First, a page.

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How Obama’s ‘Trade’ Deals Are Designed to End Democracy By Eric Zuesse

U.S. President Barack Obama has for years been negotiating with European and Asian nations — but excluding Russia and China, since he is aiming to defeat them in his war to extend the American empire (i.e, to extend the global control by America’s aristocracy) — three international ‘trade’ deals (TTP, TTIP, & TISA), each one of which contains a section (called ISDS) that would end important aspects of the sovereignty of each signatory nation,

  • by setting up an international panel composed solely of corporate lawyers to serve as ‘arbitrators’ deciding cases brought before this panel to hear lawsuits by international corporations accusing a given signatory nation of violating that corporation’s ‘rights’
  • by its trying to legislate regulations that are prohibited under the ’trade’ agreement, such as by increasing the given nation’s penalties for fraud,
  • by lowering the amount of a given toxic substance that the nation allows in its foods,
  • by increasing the percentage of the nation’s energy that comes from renewable sources,
  • by penalizing corporations for hiring people to kill labor union organizers — i.e., by any regulatory change that benefits the public at the expense of the given corporations’ profits. (No similar and countervailing power for nations to sue international corporations is included in this: the ‘rights’ of ‘investors’ — but really of only the top stockholders in international corporations — are placed higher than the rights of any signatory nation.)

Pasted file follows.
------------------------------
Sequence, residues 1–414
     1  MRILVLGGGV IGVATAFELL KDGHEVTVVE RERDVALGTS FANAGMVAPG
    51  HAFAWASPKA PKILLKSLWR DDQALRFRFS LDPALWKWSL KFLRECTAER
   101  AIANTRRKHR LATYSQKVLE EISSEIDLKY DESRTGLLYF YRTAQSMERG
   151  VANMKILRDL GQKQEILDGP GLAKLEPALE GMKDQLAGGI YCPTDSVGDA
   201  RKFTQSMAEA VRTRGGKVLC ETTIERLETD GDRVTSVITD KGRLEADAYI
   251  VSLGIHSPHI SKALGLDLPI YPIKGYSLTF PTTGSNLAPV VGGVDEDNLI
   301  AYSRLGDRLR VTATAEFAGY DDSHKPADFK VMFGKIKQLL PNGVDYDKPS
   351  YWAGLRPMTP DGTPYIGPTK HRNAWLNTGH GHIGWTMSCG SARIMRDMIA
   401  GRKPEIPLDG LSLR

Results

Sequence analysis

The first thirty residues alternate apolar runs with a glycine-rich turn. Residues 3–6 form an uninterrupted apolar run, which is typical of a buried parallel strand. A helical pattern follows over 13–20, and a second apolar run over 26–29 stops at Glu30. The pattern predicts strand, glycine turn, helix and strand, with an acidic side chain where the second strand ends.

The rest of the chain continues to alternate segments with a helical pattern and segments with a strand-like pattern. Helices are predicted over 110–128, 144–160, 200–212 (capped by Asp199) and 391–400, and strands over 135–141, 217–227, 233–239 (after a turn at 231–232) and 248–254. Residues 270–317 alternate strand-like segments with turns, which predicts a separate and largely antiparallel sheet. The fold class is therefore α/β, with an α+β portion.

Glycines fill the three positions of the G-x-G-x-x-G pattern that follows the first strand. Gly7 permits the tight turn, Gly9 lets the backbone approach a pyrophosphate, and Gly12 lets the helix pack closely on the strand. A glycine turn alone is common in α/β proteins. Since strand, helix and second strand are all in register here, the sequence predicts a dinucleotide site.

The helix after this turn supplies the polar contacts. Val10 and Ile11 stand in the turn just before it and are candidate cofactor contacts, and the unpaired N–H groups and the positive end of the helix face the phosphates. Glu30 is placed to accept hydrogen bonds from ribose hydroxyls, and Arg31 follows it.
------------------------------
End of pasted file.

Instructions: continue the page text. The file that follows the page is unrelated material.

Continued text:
This provision, whose full name is “Investor State Dispute Resolution” grants a one-sided benefit to the controlling stockholders in international corporations, by enabling them to bring these lawsuits to this panel of lawyers, whose careers will consist of their serving international corporations, sometimes as ‘arbitrators’ in these panels, and sometimes as lawyers who more-overtly represent one or more of those corporations, but also serving these corporations in other capacities, such as via being appointed by them to head a tax-exempt foundation to which international corporations ‘donate’ and so to turn what would otherwise be PR expenses into corporate tax-deductions. In other words: to be an ‘arbitrator’ on these panels can produce an extremely lucrative career.

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